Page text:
After a great half-day of birding on Saturday out in Suffolk County in eastern Long Island I decided to stay closer to home and try to track down some birds recently reported from Jamaica Bay’s East Pond.  The shorebird mecca has been difficult to access this year because the water level is so high (the outlet pipe had apparently been clogged for awhile) but several intrepid birders have been regularly risked becoming Swamp Things in order to keep the rest of the birding community appraised as to what birds are around to see.  Seth kindly volunteered to drive, saving me a long trip via mass transit and on foot, and we were the second and third people out on the south end of the East Pond hoping to find Hudsonian Godwit, Wilson’s Phalarope, Long-billed Dowitcher, Western Sandpiper, and, best of all, Least Bittern.  Would we be successful?  Read on dear reader, read on…

The south end was relatively bereft of birds, with Short-billed Dowitchers, Greater and Lesser Yellowlegs, and Least and Semipalmated Sandpipers being the only shorebirds present.  Carefully scanning the other side netted us some herons, ibis, and ducks, but none of our target birds.  So Seth and I made our way up the east side of the pond towards the raunt, in mud and water that threatened to overtop our boots.  It was not the most fun I have ever had while birding though fly-by shorebirds like the Lesser Yellowlegs in the second picture below made it tolerable.

What Seth and I were really hoping to find were any of the Least Bitterns that had been spotted by other birders on Saturday, when two young bitterns and one adult were seen perched and moving through the reeds that line the pond.  Least Bitterns, being tiny and secretive, would be a great bird to see for the year; in fact, the only three times I had ever seen Least Bittern was when I had seen them taking flight briefly.  You can imagine our chagrin, then, when we saw these two characters frolicking in the area from which the young bitterns had been reported.

Somehow, it did not seem likely that the bitterns would stick around while raccoons were in the neighborhood, but we diligently scanned the reeds anyway, and failed to find the bitterns.  So we moved north, ever north, through some truly disgusting mud that stunk like the dead, until we reached the raunt, where we caught up to the first birder on the pond, Tom, who was already on some Stilt Sandpipers.  We enjoyed those birds and then Seth said “I have the bittern.”

Sure enough, after a couple minutes of him directing us, we managed to pick up an adult Least Bittern making its way through the reeds on the far side of the pond.  It was a pretty darn good spot by Seth and we were well-pleased with the long views we got, despite the distance.  I even managed some (lousy) digiscoped shots.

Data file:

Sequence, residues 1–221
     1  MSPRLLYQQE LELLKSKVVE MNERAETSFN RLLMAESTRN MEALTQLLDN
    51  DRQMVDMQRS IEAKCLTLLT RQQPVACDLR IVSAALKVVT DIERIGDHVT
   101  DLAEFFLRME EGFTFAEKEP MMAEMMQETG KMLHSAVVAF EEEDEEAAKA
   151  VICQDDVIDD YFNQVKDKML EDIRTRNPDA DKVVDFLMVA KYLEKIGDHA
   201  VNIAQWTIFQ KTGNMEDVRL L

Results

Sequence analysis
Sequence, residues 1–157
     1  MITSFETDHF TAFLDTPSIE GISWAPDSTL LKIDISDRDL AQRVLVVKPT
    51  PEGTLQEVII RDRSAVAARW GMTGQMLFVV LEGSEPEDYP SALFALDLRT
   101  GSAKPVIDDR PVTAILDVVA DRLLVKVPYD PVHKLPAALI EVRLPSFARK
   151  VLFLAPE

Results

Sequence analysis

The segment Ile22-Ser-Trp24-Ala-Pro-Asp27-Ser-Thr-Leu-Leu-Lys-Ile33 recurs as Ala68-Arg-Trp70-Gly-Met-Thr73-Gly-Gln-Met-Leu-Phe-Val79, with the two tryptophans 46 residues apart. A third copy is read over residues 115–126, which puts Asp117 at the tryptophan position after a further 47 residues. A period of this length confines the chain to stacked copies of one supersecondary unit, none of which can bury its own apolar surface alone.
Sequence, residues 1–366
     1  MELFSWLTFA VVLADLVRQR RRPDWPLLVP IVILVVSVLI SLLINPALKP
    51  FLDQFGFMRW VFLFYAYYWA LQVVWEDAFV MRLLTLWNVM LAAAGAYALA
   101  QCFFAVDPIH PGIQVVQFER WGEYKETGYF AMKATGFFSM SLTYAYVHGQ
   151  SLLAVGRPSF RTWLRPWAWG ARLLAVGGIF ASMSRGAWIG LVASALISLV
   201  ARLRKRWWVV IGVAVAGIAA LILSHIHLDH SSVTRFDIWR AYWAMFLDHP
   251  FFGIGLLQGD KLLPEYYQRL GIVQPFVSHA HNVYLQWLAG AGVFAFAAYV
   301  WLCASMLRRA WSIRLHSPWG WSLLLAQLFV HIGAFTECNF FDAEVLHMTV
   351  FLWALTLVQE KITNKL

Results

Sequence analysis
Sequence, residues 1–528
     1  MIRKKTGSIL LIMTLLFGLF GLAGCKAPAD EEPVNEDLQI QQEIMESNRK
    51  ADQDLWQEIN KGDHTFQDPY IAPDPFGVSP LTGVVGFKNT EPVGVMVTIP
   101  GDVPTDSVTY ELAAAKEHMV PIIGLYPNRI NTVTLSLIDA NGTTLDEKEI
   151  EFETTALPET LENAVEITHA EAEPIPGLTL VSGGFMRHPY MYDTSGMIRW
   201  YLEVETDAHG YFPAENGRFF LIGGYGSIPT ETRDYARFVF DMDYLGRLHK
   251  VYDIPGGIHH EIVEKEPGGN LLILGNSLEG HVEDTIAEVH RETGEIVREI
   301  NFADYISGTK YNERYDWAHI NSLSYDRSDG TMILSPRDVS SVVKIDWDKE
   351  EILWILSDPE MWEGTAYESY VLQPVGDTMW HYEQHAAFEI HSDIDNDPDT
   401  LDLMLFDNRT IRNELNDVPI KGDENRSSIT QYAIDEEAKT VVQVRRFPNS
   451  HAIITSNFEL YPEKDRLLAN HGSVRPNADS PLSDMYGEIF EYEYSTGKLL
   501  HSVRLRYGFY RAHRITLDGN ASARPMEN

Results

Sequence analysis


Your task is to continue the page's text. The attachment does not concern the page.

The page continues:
We quickly phoned the horde of birders at the south end of the East Pond to make their way north, and, eventually, they arrived, and the bittern, which had skulked off a bit, was refound, and everyone was happy and the Hudsonian Godwit was spotted at very long range and everyone was even happier and then we walked out of the East Pond and no one fell down, which is a good thing, and then Seth and I foolishly wasted our time walking into the north end of the pond which netted us nothing so we went home.

Now, just so you know, I tied my rather esoteric record of seeing three birds with “Least” as part of their name in one day, with Least Sandpiper, Least Bittern, and Least Tern.  Last time I did it I had the bittern, the sandpiper, and a Least Flycatcher.  Has anyone out there ever had more than three “Least” in one day?

Written by Corey
Corey is a New Yorker who lived most of his life in upstate New York but has lived in Queens since 2008. He's only been birding since 2005 but has garnered a respectable life list by birding whenever he wasn't working as a union representative or spending time with his family. He lives in Forest Hills with Daisy and Desmond Shearwater. His bird photographs have appeared on the Today Show, in Birding, Living Bird Magazine, Bird Watcher's Digest, and many other fine publications. He is also the author of the American Birding Association Field Guide to the Birds of New York.